You'll get to be with them all day long, they said.
Shape their little minds, they said.
It'll be so rewarding, they said.
I field so many questions from my friends about homeschooling, mostly because we married and had kids really young and I have about five more years of parenting under my proverbial belt than most of my peers.
How does it work? (It works as hard as you work)
What do you use? (every brain cell I possess)
When should I start? (you started teaching your child the day you birthed him)
Do you distrust public education? (um, no, I envy that option many days and admire people who pour their lives out, underpaid and overworked)
It is a privilege to teach our children and we love this opportunity. For our family, the rewards and benefits far outweigh the work load, the burden, the difficulties. But shame on me if I sugar coat the reality of hanging out the school shingle on the front door of your little house.
It's a good thing I counted the cost before I started because if I were counting on the glowing promises of what they said I would have quit teaching on Jacob's third day of kindergarten.
Homeschooling proponents raise visions of cozy library corners, energizing, engaging science experiments over the kitchen counter, throwing some laundry in while your kids do math tests (ah! multitasking at its finest!), the freedom to instill character and values. They tout flexibility and movement and room to breathe and time for the individual attention so necessary for a child to achieve success.
With reviews like that, who wouldn't be interested?
And people are interested. Dissatisfied with a mass production approach to education, many are intrigued by the success and seeming ease of choosing a curriculum and following an educational path at home. With Monday-Friday, 9-5 workforce demographics rapidly changing as employers grow more flexible and employees work unconventional hours (and from home), homeschooling can seem like an apple ripe for the picking.
Count the cost before you pick the apple.
It's not a light decision to take your children's education into your trembling hands.
Teach them character? That's a nice idea: the main teacher of that will be you. With your life. You just signed up to be the major influence on their value system. How's your value system?
Are you grumpy?
They will be crabby.
Are you unmotivated?
They'll be lazy.
Do you dislike and avoid art?
They'll never know what it is to create beauty with their own hands.
Who you are will be mirrored in your students.
What you love is what you'll emphasize.
When you teach those little people, their eyes see who you are on Saturday and Sunday, too, and after 3 pm, and before you start teaching in the morning. They see all of you.
That kind of transparency can be good. It can be bad. It can be ugly and beautiful all in the space of an hour.
So here's a little list of what they don't say.
They don't say:
You'll wake up every morning with the burden of your children's education resting in your hands.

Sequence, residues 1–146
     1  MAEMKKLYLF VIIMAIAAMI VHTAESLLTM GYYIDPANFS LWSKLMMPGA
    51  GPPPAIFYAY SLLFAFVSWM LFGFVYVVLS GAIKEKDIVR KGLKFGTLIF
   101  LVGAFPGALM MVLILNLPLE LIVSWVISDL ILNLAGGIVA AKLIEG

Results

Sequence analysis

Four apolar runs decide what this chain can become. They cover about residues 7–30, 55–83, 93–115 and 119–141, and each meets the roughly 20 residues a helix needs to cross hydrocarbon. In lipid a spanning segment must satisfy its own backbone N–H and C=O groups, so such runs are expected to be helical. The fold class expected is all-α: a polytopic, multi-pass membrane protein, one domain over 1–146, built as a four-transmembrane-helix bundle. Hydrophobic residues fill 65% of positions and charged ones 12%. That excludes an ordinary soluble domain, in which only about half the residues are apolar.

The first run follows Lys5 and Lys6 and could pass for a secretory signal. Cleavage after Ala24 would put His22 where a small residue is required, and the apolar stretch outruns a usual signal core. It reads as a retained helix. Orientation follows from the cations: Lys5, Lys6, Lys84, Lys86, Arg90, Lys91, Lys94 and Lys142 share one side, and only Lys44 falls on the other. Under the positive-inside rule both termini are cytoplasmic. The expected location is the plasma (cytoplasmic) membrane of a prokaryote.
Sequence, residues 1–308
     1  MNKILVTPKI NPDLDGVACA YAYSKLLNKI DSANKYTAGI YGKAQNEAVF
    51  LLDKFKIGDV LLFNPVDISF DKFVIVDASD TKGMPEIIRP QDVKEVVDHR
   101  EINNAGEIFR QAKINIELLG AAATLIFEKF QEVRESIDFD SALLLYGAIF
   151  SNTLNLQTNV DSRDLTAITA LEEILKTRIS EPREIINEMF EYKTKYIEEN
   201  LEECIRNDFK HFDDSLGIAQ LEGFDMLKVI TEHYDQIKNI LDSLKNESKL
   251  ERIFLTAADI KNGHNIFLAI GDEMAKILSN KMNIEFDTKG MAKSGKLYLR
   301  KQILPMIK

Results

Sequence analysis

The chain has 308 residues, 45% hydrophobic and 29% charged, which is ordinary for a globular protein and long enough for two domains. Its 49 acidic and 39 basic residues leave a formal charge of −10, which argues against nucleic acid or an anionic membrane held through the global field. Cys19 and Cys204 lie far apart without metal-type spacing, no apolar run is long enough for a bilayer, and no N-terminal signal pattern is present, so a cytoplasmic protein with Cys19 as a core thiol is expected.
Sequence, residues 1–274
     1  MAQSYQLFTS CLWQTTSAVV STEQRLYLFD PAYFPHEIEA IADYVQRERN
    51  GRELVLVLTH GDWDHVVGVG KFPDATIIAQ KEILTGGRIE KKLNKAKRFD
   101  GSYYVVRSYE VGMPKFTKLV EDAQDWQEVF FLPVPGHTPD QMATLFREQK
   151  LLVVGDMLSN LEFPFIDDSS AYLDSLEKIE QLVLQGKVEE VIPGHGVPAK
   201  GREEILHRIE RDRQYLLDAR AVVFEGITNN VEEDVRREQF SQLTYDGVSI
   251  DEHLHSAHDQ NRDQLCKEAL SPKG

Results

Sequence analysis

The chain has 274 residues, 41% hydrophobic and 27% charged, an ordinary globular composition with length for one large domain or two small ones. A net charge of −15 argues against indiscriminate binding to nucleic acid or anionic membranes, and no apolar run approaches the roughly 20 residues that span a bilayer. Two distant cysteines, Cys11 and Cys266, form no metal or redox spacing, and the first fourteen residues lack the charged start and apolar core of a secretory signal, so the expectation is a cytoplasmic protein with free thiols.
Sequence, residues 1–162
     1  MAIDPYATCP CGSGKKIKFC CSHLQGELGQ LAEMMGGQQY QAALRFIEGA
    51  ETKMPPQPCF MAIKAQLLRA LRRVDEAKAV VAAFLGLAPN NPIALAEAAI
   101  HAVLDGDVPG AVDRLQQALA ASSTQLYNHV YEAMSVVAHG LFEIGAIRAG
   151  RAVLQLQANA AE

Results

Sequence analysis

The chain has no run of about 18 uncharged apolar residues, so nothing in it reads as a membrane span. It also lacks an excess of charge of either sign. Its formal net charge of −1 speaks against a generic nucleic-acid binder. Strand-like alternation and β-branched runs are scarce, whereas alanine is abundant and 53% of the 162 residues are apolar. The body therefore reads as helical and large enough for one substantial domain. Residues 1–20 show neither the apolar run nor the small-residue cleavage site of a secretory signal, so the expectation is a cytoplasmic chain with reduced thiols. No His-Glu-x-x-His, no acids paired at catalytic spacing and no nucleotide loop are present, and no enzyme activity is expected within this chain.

You'll have to spend as much time sorting out disputes and arguments and attitudes as you do teaching.
You'll find any shred of flexibility you had stretched far beyond what you thought your limits were.
You won't be able to finish a sentence because your toddler will have a catastrophe or your washing machine starts overflowing: though you're teaching, you aren't in school.
When you hang up your teaching hat, exhausted, your mom hat is right there waiting and sometimes you feel utterly spent and too tired to put it on.
They don't tell you:
You'll be teaching about respiration and lungs and airways and the diaphragm and then you'll be interrupted with a howl because the two year old pulled the unsuspecting six year old's hair. You'll hypothetically discipline the two year old, who will then proceed to throw his crayola marker, bright pink inky side down, into the cream colored carpet. Then you'll deal with that and turn back to the diaphragm. But by then you'll feel like your own airway might be blocked.
You have to be okay with your home littered with crayons, paper shreds, art supplies, pencils, piles of books, in a constant treadmill of shelving and unshelving your little ones' education.
They don't tell you how inadequate you'll feel, how little actual support you'll get, how lonely you can be as a woman: it's sometimes difficult to explain why you're working a full time job that generates zero dollars.
They don't tell you about the sheer work volume, how self motivated you need to be: you are the boss of you. You decide your hours, you're as free as a breeze with one massive caveat: your children's educational success or failure is your employee evaluation and that's a stunning burden to carry. No one tells you how heavy that burden is.
Why would they?
The truth, the agony, the loneliness, the monotony- why would anyone want to sign up for that? No one would.
And as with many choices in life, the rewards outweigh the pain.
So we choose to remember sweaty hands grasping first pencils and warm little bodies snuggled up against us on the couch, lisping first words and then sentences and then books, the math reward lunches, the lack of homework in the evenings since we've already accomplished it, the joy of watching the lightbulb moments of our own children, the stretching of our own minds as we teach theirs.
But if you're considering reaping the rewards, it's important to count the cost.
It is not easy.
It is 3% fun and 97% labor.
It is surely the hardest and most demanding task of my life.
I am absolutely giving it my all.
Wherever you are, be all there.
. . .and while He gives me breath, I will tell only the truth.
Job 27: 3-4
No backward looks.
You can't put God's kingdom off till tomorrow.
Seize the day.
Luke 9:62 The Message